*Update: Congrats to Travis Gray for winning a copy of Lawrence’s new book “Social Media Marketing for Digital Photographers!”*
Everything you do, wear, drive, eat, and so forth are expressions of your character. If it is you that makes you unique, then let’s talk about the storefront that’s open 24/7 — your website — and see how it’s applicable to other designs as well.
One cannot not communicate: Every behavior is a kind of communication. Because behavior does not have a counterpart (there is no anti-behavior), it is not possible not to communicate.
– Paul Watzlawick
Since every behavior is a kind of communication, it would be sensible to first understand our target audience.
1. Project Usability
What is the goal of your viewers? What are they trying to find?
Be clear from the get-go (i.e., a banner that illustrates exactly what your website is supposed to offer).
Image courtesy of www.denisechandler.com
Other concerns might include whether users are using mobile devices. If so, how do you serve them? Keep in mind the possibility of the fall of Flash. Also, be considerate of bandwidth issues, since 3G or 4G data speeds are not the same as broadband speeds at home.
Simplicity isn’t simple. Apple does it best. Remove clutter that does not define your goal. This includes the choices for wording, color, typography, navigation, etc.
3. Prioritize Your Priorities
Part of having a responsive and simply designed website is to prioritize your priorities. You should limit your menu bar to a minimal number of buttons for navigation.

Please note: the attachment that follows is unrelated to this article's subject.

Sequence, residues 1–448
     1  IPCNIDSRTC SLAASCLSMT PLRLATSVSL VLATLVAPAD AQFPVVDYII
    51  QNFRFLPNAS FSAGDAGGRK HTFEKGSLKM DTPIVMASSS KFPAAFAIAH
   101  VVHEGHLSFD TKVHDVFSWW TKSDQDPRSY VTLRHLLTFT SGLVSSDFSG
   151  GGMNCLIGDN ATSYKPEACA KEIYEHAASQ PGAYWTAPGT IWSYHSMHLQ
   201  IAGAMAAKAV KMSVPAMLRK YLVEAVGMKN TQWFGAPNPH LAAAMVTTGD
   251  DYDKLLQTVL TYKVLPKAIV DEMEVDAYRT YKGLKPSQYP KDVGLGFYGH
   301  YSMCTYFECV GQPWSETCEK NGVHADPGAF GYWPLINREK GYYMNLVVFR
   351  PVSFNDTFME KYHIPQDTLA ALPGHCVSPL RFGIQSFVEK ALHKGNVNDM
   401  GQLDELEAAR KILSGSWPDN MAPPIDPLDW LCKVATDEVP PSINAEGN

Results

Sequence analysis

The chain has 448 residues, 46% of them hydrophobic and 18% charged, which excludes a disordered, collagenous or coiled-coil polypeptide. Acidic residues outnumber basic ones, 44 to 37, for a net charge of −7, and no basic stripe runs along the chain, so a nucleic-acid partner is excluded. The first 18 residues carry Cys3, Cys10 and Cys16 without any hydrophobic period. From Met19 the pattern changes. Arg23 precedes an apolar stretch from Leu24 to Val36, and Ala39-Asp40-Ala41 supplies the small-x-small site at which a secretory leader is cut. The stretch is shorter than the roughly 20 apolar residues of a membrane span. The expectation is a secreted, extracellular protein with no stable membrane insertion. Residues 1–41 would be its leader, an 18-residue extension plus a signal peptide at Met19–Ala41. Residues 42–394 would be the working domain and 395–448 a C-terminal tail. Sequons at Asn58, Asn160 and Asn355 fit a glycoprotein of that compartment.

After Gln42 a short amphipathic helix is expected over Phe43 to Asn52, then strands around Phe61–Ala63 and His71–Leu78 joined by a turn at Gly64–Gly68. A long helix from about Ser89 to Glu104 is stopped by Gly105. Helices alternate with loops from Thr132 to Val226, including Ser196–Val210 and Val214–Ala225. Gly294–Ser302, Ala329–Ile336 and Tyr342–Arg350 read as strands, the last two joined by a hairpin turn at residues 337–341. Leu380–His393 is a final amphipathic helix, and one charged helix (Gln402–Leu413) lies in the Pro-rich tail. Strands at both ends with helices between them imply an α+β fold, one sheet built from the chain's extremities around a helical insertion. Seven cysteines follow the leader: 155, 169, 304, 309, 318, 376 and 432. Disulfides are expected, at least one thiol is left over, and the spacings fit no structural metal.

Too many choices clutter and suffocate. Ever been to a restaurant with 50+ different choices? Oh, the agony of committing to one thing, thus sacrificing the rest.
4. Synthesize a Story
Stories are powerful. Stories disarm.
Synthesize a story explaining why you do what you do and why it should matter to them. And here are some tips on creating an effective About Page.
I have multiple Advent Calendars because I cheat.
5. Define the Next Steps
After users are coaxed to explore your site or blog post, be sure to have clear calls to action. This tells viewers what to do next.
A lot of times, people get to the end of the blog post and won’t have anything to do next. So, the likely thing to happen is that they leave. Don’t let that happen to you.
Otherwise, it’s all just a guess.
Taking the concepts above, you can even see how the strategies were integrated in the design of my recently published book – Social Media Marketing for Digital Photographers.
Since Western Society reads from left to right and from top to bottom, I’ve created multiple calls to action based on this behavior.
Start with the blue, then follow with the red. This “Z” behavior is also used in many magazine and print designs. Pay close attention!
Here’s my call to action. The Photo Life is graciously hosting a contest for a free copy of my book! To enter to win, leave a question or comment about the topic of this post before Midnight 12/13/11. A randomized winner will be picked!
P.S. Here’s a design strategy that some malls use — in order to travel up and down a level via escalator, department stores require you to walk halfway around the store to the opposite side. The journey to the connecting escalator forces you to have maximum exposure to their products!
P.P.S. Inspired by Ellen, I’m doing a 12-Days of Giveaways starting on December 8th, 2011. Be sure to subscribe to my mailing list.
About Lawrence Chan
I am Lawrence Chan and I’m a marketing strategist for smart photographers.
While I author a blog, the ultimate pricing e-book, and a real book, unlike tofu, I sometimes wish I could figuratively eat a book. My propensity for eating and reading, sometimes reading about eating, has been wonderful precursors for ideas in marketing.
I so happen to be a photographer.
P.S. I like retro cats with lightning bolts from their eyes.